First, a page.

I trust that the scientific favor which was so readily accorded to the Telephone may be extended by you to this new claimant," The Photophone.



I. In all statistical researches upon the arrangement of the fixed stars in space, it has been found to be necessary to make some fundamental assumption, more or less probable.

Some assumption is forced upon us by our complete ignorance of the nature of the stars themselves and of the real laws according to which they are distributed.

The fundamental assumptions have usually been, either that the stars are all of equal brightness; or else that they are equally scattered, so that within equal portions of space, equal numbers of stars exist. Various modifications of these two hypotheses have been made and their consequences worked out; but some form of one of them has usually been the starting point.

It may be of interest to see the consequences which follow from an assumption less violent than either of the preceding. This is that the brightness of the unit-area of all stars is the same. The simple formulæ which relate to this subject were put in a form which allows the consequences of each of the three fundamental assumptions to be seen, in NEWCOMB and HOLDEN'S Astronomy, page 489. The hypothesis that the brightness of the unit-area of all stars is the same has been recently made the basis of computation in paper by Prof. E. C. PICKERING, “ Dimensions of the Fixed Stars, etc., reprinted from the Proceedings of the American Academy, Cambridge, 1880,” in which (page 35) it is used to determine the dimensions of a dark satellite to Algol. As we can have no à priori proof of the truth of this hypothesis, it will perhaps be useful to trace its consequences in various directions. Although the data at our command are not sufficient to enable us to come to certain conclusions, yet they may be sufficient to test the value of the fundamental assumption, and it is only for this reason that I bring them together. It may not be improper to say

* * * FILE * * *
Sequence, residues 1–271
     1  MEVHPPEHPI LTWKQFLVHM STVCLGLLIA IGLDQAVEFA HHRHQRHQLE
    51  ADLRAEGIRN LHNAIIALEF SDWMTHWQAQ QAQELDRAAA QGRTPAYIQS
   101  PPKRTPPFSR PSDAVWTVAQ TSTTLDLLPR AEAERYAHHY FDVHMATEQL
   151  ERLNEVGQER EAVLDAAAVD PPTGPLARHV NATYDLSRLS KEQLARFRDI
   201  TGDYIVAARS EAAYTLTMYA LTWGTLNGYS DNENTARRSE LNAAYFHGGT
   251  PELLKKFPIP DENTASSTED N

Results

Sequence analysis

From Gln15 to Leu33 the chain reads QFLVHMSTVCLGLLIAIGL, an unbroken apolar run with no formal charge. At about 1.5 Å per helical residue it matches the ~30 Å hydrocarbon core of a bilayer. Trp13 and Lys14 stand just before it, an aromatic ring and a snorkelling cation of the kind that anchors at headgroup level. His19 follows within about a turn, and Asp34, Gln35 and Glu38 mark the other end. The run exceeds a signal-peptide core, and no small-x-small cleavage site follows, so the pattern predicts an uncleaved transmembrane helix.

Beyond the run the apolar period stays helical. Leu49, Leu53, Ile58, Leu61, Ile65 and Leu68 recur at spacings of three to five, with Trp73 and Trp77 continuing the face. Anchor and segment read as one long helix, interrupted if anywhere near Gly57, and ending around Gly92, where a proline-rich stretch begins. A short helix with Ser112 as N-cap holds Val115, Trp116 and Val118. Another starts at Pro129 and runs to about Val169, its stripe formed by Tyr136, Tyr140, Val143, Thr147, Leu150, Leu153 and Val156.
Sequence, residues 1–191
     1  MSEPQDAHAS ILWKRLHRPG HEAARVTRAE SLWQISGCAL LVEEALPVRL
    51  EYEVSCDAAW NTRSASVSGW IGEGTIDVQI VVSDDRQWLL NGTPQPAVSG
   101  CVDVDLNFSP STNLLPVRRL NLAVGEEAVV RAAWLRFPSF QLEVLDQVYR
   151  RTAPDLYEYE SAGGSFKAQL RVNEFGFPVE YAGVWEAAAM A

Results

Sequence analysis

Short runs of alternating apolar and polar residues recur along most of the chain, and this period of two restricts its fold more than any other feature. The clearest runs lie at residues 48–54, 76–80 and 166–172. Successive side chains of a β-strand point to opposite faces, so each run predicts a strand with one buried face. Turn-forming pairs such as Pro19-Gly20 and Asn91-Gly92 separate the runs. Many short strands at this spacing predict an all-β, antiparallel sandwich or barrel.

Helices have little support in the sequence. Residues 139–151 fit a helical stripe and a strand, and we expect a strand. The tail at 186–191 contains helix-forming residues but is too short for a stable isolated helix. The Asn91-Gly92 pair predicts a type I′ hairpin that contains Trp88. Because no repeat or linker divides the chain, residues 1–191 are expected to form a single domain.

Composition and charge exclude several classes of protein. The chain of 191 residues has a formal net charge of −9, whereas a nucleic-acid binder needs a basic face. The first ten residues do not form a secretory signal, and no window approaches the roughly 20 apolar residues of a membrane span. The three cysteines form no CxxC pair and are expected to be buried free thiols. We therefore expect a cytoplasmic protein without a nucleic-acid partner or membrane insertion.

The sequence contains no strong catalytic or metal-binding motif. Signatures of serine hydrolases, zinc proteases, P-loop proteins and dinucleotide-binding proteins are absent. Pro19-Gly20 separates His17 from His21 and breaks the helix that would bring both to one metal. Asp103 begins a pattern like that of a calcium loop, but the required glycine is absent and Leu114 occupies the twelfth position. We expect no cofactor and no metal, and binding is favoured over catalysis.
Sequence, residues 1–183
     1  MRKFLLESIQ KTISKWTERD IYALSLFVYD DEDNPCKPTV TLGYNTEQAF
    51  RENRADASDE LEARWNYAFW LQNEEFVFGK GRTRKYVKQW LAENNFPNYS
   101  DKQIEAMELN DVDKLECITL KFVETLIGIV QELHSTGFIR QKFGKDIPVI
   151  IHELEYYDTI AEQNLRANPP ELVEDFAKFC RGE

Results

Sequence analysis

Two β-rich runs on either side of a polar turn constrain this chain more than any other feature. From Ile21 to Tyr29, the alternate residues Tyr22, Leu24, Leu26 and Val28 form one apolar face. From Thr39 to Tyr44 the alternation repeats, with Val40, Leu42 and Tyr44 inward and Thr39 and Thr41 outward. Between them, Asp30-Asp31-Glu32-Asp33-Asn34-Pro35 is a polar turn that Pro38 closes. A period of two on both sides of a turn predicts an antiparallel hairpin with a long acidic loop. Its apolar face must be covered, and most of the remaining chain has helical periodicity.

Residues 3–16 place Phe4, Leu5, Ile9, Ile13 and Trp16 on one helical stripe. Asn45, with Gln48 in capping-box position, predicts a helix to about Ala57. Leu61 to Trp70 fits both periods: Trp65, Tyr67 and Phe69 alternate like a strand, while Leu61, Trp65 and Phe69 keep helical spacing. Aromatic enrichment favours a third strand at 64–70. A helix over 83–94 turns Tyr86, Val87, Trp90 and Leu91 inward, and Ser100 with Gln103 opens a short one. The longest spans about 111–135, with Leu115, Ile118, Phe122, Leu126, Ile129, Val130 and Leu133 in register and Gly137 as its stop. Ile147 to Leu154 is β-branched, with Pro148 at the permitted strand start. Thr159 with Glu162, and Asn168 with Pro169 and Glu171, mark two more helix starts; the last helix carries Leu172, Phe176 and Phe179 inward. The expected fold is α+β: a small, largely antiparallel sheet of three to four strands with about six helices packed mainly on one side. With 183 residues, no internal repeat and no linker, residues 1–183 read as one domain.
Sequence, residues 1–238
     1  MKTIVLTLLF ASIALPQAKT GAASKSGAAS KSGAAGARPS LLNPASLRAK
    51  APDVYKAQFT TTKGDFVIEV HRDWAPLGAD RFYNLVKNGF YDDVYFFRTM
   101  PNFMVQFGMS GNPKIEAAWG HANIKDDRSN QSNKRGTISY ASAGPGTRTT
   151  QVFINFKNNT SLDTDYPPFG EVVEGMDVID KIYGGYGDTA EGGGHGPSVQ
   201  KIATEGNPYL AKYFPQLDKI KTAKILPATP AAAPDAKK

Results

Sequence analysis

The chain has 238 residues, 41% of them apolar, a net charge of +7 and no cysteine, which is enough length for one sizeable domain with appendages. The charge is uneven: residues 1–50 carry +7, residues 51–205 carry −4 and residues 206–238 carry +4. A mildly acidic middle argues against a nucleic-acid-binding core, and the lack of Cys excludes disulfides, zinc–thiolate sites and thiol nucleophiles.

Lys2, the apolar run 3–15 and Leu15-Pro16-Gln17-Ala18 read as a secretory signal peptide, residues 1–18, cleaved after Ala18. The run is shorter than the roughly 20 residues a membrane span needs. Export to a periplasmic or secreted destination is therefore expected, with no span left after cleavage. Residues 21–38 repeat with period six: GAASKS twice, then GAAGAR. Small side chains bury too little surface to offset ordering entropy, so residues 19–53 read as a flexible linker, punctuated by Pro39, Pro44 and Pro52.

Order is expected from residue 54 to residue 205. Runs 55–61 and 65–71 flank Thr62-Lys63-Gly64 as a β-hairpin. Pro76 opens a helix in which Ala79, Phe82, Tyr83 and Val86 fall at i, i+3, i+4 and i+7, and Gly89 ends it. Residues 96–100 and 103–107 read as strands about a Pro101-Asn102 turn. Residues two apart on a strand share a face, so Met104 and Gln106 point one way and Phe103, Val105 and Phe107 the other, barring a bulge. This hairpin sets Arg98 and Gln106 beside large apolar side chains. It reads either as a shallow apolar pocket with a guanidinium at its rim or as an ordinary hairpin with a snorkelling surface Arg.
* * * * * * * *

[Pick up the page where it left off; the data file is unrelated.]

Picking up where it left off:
Dimensions of the fixed stars, etc., by Prof. E. C. PICKERING, Cambridge, 1880, p.3. * American Science Series, New York, 1879.

that they were deduced in 1877, and would have remained unpublished except for their bearing on the present question.

While the first two assumptions in regard to the distribution of stars have been shown to be roughly and in a general way approximations to the truth 3 we know that they are in fact untrue. For the hypothesis that all stars are of equal brightness, and thus that stellar magnitude depends on stellar distance alone, is contradicted directly by the determinations of parallax, and more glaringly and in a more general manner by the existence of clusters, in which stars of different brightness are associated at the same distance from the earth.

The hypothesis of equable distribution is negatived by the esistence of clusters at all, so that while this supposition is also in a general way true, it needs serious modifications to make it fit special cases. The third hypothesis of equal brightness of the unit-area of the surfaces of all stars is certainly not true in every case, but in any case it is less violent than either of the others à priori. The objections to it we may consider later. It may be mentioned here, that of the 324,000 stars from first to ninth magnitude, we know considerably less than 1,000 highly colored stars ; the vast majority of stars being white. This is in no sense a proof of the assumption. It does not inilitate against it, however, and is what might be expected if the assumption were indeed true.

We may express our conditions in an algebraic form as follows:

If S be the surface and R the radius of a star at distance D; i ihe amount of light emitted per unit of surface, Bu, its brightness in arbitrary units as seen from the earth, m, its stellar mag. nitude on any scale whose light-ratio is o, then the most general expression for Bm is

= X if light is not extinguished in space, or (1)


if light is extinguished in space. The unit of D is arbitrary.

If the brightness of an average first magnitude star is unity, B = 1, then

(2) Bm=im-1 ; so that for a star of the mth magnitude





3 Not only by the results of W. HERSCHEL, but by the later researches of PETERS, GILDÉN, C. S. PEIRCE, GOULD, and others.